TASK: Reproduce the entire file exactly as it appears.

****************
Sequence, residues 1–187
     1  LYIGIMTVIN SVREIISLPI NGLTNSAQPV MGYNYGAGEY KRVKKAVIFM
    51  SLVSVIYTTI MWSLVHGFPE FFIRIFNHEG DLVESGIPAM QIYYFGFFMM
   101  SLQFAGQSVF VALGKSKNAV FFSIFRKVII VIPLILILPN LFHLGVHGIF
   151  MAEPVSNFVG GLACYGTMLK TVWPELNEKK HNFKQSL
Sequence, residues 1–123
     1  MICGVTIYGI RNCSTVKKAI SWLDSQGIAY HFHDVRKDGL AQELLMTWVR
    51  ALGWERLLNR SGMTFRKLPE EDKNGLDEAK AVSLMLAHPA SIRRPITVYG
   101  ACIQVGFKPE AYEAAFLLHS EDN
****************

Sequence, residues 1–187
     1  LYIGIMTVIN SVREIISLPI NGLTNSAQPV MGYNYGAGEY KRVKKAVIFM
    51  SLVSVIYTTI MWSLVHGFPE FFIRIFNHEG DLVESGIPAM QIYYFGFFMM
   101  SLQFAGQSVF VALGKSKNAV FFSIFRKVII VIPLILILPN LFHLGVHGIF
   151  MAEPVSNFVG GLACYGTMLK TVWPELNEKK HNFKQSL
Sequence, residues 1–123
     1  MICGVTIYGI RNCSTVKKAI SWLDSQGIAY HFHDVRKDGL AQELLMTWVR
    51  ALGWERLLNR SGMTFRKLPE EDKNGLDEAK AVSLMLAHPA SIRRPITVYG
   101  ACIQVGFKPE AYEAAFLLHS EDN